This article explains how Seventh Day Adventists have an exclusive culture, and it is one of the most important articles on the website. This is a topic for which I cannot find much discussion, but it is extremely important when understanding the Seventh Day Adventist church. This slips through the cracks to outside members, and it is very well hidden. Adventists are not barred from talking to non-Adventists, and the mainstream church does not engage in shunning. But just because it does not shun non-members, does not mean the church is not exclusive and insular.
How the church became insular
The SDA church has silently created a system by-which its members do not need to interact in any meaningful way with non-Adventists. This is something very unique to Adventist churches- they have removed the need to engage with non-Adventist. Below is a typical example of many mainstream members lives, from start-to-finish:
- They are born in a Seventh Day Adventist hospital to Seventh Day Adventist parents.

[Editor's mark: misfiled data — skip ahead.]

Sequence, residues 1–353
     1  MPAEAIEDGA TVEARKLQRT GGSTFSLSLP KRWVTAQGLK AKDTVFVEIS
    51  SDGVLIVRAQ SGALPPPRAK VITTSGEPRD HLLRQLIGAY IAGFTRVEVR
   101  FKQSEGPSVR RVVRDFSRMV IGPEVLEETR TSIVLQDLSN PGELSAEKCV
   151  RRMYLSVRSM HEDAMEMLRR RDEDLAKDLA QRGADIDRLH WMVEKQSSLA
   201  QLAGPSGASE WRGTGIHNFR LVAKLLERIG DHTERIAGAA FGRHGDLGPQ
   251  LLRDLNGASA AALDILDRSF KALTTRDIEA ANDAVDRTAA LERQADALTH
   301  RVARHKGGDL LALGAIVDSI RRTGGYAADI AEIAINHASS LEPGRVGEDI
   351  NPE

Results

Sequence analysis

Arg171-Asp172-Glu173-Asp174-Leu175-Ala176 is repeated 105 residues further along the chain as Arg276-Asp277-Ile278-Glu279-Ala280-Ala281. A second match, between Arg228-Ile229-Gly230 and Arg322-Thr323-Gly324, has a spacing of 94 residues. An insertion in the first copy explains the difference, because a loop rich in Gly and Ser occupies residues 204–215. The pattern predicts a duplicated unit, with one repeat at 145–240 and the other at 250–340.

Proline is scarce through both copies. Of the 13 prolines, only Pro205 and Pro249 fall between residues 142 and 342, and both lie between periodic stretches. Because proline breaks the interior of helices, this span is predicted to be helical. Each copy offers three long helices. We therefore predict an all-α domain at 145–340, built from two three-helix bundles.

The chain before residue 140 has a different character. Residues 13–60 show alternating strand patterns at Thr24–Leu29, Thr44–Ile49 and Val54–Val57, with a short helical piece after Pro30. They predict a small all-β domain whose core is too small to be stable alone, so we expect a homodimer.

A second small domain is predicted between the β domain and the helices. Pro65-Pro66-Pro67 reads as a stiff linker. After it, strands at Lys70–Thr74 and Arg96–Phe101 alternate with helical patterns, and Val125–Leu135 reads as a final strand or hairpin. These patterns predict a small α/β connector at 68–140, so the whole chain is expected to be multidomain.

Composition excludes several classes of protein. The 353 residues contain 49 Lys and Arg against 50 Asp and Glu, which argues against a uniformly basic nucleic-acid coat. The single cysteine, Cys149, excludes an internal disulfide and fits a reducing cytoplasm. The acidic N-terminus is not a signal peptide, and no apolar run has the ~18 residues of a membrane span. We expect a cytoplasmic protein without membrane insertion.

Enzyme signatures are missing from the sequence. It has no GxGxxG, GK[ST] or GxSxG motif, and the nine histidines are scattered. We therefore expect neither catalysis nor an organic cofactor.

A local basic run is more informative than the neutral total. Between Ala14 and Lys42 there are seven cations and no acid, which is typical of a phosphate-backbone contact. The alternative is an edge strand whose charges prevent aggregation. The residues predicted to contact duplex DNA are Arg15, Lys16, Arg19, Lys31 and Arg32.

- They then go to an Adventist preschool and make Adventist-only friends.
- They then head to an Adventist grade school and make Adventist-only friends. Alternatively if they belong to very exclusive parents they are homeschooled, and their only contact with other children is at their church.
- They then go to an Adventist high school.
- They then go to an Adventist university and college (and while there, most likely study to become either a nurse, a teacher of a pastor).
- They then get a job in an Adventist business/institution. These are particularly appealing from a practical perspective, because these businesses will forcibly be closed during Sabbath hours (or if they are a hospital, it is OK because they can work during Sabbath).
- They will then get married to an Adventist spouse, as an SDA pastor is not allowed to marry an SDA to a non-SDA.
- They then will eventually retire in an Adventist rest home, where they will live out the rest of their days.
Not only is this a common course of life, but it is greatly encouraged. The prestigious Adventist families live their lives in this way. From personal experience, if you don’t engage in this exclusive world you will feel left out at Adventist meeting grounds such as church, as most Adventists get to know each other at school/work. All of these places/steps (school, work, partner) are where we usually come to meet our friends and form close relationships. If you are only surrounded by Adventists, then you will inevitably just become friends with them.